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From exhibition-sized compositions to oil sketches done in situ, with subject matter ranging from landscapes, seascapes, urban views, genre scenes, costume studies, nudes, and portraits, these American paintings maintain their appeal because they speak to an undiminished fascination with Italy and its people. Oftentimes making reference to salient issues of their time, such as the Risorgimento and unification in Italy or slavery and the Civil War in the United States, they provide a visual framework for the consideration of issues of cultural and national identity in Italy and America over the course of the long 19th century.
American Paintings
Working on paper constituted a vital facet of the American artistic experience of Italy in the 19th century because the support was portable and relatively inexpensive, allowing for ease of movement, experimentation, and the creation of a visual repertoire for future reference.  From quick charcoal sketches to highly finished watercolors and pastels intended for public exhibition, their freshness and immediacy reflect the artist’s direct engagement with the motif. Intact sketchbooks are valuable records of campaigns in the field.
American Drawings & Watercolors
19th-century American sculptors flourished in Florence and Rome, finding in these traditional capitals of the artform the inspiration and resources that facilitated their studies and original productions. Female sculptors discovered the personal and professional freedom unavailable to them at home. From neoclassical marbles to verismo bronzes, these works stand among the greatest achievements of American artists abroad. 
American Sculpture
European drawings and watercolors of Italian subjects complement and contextualize the American collection. Examples by an international array of artists allow for a richer understanding of the traditions as well as the contemporary milieu that the Americans encountered and responded to in their own work.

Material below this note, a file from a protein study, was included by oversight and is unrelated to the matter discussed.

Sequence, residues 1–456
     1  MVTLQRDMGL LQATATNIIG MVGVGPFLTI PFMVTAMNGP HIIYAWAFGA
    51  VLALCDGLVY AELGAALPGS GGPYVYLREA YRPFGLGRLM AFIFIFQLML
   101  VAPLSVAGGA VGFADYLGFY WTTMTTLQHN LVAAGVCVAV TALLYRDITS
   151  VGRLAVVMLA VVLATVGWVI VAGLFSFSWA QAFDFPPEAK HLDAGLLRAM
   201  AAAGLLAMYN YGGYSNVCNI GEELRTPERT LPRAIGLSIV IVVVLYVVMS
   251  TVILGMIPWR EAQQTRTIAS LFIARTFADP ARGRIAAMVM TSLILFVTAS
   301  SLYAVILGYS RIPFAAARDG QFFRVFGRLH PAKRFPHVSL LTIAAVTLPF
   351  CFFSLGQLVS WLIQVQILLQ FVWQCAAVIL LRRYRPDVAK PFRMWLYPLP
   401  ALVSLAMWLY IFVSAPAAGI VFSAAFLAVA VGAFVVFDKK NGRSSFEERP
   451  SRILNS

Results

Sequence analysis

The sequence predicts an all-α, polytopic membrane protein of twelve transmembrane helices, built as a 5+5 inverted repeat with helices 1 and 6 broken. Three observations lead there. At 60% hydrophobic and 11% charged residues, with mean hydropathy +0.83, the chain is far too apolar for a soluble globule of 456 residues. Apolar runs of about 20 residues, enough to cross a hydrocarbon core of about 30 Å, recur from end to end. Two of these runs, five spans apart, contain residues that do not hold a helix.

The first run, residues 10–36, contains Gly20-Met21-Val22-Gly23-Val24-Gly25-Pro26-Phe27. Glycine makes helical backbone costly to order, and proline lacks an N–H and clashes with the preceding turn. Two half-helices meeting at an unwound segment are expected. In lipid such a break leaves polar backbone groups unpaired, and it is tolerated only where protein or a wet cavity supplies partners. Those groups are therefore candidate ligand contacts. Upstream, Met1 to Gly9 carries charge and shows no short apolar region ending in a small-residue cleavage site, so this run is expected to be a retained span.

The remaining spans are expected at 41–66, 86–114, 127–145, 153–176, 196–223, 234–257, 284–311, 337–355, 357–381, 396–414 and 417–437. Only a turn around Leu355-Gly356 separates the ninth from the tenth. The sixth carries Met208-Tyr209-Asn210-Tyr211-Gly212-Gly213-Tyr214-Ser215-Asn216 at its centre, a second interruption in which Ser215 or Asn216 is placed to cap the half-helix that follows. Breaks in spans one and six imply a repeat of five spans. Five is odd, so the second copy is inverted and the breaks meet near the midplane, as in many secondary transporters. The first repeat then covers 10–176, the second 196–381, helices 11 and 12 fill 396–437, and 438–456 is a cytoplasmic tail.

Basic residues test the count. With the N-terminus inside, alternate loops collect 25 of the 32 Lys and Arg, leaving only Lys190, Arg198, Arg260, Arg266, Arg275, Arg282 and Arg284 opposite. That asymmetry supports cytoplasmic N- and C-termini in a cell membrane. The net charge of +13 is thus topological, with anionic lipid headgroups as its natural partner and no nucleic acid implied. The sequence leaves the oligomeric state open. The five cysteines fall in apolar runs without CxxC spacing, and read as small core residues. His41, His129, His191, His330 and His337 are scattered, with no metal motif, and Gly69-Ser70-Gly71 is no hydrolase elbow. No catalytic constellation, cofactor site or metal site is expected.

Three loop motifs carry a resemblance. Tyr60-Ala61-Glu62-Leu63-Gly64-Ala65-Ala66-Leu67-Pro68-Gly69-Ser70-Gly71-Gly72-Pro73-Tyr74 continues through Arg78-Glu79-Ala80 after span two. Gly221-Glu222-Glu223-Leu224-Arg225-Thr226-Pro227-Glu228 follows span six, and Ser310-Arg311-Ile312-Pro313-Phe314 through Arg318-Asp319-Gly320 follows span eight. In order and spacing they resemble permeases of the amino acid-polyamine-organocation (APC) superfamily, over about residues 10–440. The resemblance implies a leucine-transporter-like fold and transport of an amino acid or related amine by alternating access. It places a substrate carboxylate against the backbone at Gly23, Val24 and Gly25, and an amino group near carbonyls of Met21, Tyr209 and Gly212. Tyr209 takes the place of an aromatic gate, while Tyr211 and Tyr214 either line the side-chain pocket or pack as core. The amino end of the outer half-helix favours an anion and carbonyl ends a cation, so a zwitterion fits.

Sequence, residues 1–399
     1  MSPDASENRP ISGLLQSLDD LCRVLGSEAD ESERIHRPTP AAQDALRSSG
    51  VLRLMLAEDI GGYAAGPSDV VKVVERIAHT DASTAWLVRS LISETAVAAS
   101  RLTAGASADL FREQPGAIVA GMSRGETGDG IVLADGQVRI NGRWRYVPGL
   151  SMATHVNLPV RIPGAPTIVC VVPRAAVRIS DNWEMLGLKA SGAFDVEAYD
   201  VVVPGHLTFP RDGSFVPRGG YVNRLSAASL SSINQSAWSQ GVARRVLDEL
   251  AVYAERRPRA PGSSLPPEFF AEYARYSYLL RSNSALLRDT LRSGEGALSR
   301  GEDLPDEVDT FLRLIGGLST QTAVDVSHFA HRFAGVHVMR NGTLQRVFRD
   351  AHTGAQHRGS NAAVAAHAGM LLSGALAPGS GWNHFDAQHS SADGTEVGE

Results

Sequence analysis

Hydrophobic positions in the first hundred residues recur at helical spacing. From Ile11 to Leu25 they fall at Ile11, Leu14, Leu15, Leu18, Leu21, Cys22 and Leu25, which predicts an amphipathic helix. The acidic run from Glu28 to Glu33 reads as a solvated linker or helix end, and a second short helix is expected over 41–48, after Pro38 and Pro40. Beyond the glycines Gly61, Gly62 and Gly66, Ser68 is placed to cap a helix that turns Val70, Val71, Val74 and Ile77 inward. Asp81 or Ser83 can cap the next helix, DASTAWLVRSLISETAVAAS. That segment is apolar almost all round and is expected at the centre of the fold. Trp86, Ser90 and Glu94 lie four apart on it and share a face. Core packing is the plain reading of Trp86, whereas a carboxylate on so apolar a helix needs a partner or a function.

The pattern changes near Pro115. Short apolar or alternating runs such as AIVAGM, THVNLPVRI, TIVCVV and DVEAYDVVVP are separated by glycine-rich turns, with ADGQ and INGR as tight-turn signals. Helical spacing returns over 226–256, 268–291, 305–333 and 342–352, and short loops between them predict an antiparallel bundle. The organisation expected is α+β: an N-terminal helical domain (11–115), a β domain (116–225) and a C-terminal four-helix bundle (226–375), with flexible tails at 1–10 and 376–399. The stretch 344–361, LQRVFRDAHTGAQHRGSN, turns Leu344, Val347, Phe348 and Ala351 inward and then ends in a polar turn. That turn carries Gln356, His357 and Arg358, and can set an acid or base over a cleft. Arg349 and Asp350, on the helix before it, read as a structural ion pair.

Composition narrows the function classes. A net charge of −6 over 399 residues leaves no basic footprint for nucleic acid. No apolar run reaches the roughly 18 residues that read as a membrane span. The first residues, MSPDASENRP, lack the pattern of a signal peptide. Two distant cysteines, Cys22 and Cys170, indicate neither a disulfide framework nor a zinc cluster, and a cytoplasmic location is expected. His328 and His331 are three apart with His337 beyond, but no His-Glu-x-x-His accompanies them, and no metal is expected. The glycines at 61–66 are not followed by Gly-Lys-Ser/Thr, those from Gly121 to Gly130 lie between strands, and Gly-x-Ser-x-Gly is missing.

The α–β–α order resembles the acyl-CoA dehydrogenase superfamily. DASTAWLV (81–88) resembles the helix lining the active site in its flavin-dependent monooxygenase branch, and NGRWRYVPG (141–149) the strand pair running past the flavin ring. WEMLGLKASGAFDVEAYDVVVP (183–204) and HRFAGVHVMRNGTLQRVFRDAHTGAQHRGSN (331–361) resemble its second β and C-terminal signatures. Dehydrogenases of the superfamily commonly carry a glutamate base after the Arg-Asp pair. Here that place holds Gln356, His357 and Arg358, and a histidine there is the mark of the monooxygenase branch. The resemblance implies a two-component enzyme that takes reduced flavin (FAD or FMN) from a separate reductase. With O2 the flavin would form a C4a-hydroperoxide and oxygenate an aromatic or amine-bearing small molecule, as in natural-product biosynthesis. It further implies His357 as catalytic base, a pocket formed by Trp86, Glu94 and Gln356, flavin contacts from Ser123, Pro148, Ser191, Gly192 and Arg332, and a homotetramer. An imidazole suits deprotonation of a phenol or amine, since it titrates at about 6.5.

European Drawings & Watercolors
European sculpture serves as an important visual point of reference for the American works of sculpture as well as for other objects in the collection. Whether worked in marble, bronze, or terra cotta, contemporary sculpture practice in Italy retained its privileged status in the hierarchy of the fine arts.
European Sculpture
Daguerreotypes, salted paper prints, and collodions tell the history of the birth and development of photography through the lens of the Eternal City. With its balmy Mediterranean climate, artistic treasures, and vibrant transnational community of artists, Rome presented unique opportunities and problems for pioneering practitioners of the medium who would forever change how we view Rome.
Print culture was an integral feature of the artistic scene in 19th-century Italy where a robust network of printmakers and distributors supplied an international audience of artists, connoisseurs, and collectors. Prints afforded a practical means for the dissemination of current standards of artistic facture and are indispensable for our understanding of the history of art and taste.
An archive and specialist library are open to qualified researchers working on the topic of American and European artists working in Italy in the long 19th century.
Archive & Library
The McGuigan Collection


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